Although half of all companies included in the study have digital strategies implemented already, 25 percent felt unsure of how to approach digital transformation. A lack of digital skills and slow-decision making were a few of the reasons cited for an absence of digital strategy.
‘Disrupt or be Disrupted’
Amarach’s study corresponds with a joint Microsoft/Harvard Business Review report which found that although 80 percent of senior-level leaders felt digital transformation would have a positive impact on their business over the next three years, less than half of those had a strategy in place to take advantage of these opportunities.
Digital transformation impacts businesses of all sizes. According to small and medium solutions and partners director at Microsoft Ireland, Aisling Curtis, the life expectancy of a Fortune 500 company 50 years ago would have been about 75 years. “Today, it is less than 15 years due to digital transformation,” she said.
Curtis said that although there is quite a bit of confusion on how to approach digital transformation globally, it is particularly problematic in Ireland. “Many organisations are ill-prepared for dealing with it.”
“People are unclear about what priorities or trends to respond to, and this is giving rise to a digital myopia with many organisations thinking they are disrupters, while the reality is that 44 per cent of the companies we surveyed said they were only just keeping up.”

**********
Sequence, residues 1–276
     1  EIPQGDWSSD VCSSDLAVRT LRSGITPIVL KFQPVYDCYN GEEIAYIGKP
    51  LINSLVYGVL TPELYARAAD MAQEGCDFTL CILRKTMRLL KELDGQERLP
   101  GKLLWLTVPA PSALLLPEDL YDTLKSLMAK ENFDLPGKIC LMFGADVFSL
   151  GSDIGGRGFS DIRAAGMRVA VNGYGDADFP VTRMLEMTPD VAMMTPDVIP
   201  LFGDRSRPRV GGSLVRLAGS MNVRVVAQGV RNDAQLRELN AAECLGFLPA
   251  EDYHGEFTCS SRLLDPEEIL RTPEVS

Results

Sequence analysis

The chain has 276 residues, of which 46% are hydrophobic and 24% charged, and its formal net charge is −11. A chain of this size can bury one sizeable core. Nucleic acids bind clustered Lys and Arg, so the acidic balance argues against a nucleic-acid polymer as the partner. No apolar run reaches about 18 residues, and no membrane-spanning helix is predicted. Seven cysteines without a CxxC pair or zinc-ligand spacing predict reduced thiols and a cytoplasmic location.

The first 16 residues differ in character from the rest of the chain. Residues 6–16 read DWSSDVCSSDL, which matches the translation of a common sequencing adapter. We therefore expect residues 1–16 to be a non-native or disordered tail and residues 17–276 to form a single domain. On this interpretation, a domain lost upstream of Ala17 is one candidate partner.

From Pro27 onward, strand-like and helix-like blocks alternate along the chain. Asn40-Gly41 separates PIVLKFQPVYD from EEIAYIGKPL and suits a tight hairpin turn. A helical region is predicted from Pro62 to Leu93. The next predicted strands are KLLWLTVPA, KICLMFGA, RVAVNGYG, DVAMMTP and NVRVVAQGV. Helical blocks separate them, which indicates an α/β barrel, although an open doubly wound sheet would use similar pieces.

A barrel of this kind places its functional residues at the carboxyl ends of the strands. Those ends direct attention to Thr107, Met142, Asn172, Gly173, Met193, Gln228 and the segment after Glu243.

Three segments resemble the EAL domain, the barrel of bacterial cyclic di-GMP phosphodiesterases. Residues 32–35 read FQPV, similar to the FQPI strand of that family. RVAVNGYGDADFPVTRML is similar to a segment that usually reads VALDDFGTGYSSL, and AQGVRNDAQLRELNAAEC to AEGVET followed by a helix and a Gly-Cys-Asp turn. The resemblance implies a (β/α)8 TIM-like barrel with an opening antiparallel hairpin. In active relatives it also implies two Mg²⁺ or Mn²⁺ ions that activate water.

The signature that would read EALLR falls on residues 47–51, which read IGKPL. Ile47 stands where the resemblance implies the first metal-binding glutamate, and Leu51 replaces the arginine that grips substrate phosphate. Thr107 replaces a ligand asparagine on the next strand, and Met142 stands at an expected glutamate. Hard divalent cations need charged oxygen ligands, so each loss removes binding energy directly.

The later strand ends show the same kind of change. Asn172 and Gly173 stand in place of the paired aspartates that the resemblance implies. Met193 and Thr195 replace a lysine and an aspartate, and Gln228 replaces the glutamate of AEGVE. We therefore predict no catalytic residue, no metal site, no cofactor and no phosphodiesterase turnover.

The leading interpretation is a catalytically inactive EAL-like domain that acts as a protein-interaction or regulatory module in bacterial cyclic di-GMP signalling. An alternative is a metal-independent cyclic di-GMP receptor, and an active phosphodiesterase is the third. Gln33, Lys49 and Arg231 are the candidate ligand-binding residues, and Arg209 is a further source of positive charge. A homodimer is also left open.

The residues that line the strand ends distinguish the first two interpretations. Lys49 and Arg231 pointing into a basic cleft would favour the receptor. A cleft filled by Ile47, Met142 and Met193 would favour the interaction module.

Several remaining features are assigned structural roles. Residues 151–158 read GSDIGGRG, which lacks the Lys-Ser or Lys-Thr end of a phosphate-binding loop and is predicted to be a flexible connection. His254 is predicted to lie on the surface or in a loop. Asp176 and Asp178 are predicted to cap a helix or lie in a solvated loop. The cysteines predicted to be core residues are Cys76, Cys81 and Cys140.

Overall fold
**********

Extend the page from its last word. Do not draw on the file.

In order to be competitive in a digital landscape, Curtis said that transformation has to be implemented at all levels-from customers, to employees, to operations.
She said “It is also about a cultural adoption, and this needs to come from the chief executive downwards.” The digital revolution needs to be addressed by companies, said Curtis. “It really is a case of disrupt or be disrupted.”
Looking towards the future, “it is likely that digital savvy employees will increasingly have a big influence on future strategy.”
Aisling Curtis is Director of Small Medium Solutions and Partner at Microsoft Ireland. She will be speaking at the DLR Summit on 8 June 2017.
From Laura Slattery for the Irish Times on May 4, shopping in Ireland continues to move off high-street to online. According to a recent study by Wolfgang Digital, Irish e-commerce revenue grew by 45 percent in 2016, marking major growth for the second consecutive year.
Wolfgang Digital notes that this online growth translates into a rate at nine times the rate of Ireland’s gross domestic product. Chief executive Alan Coleman said that Ireland can “expect this rampant growth to continue” in years to come.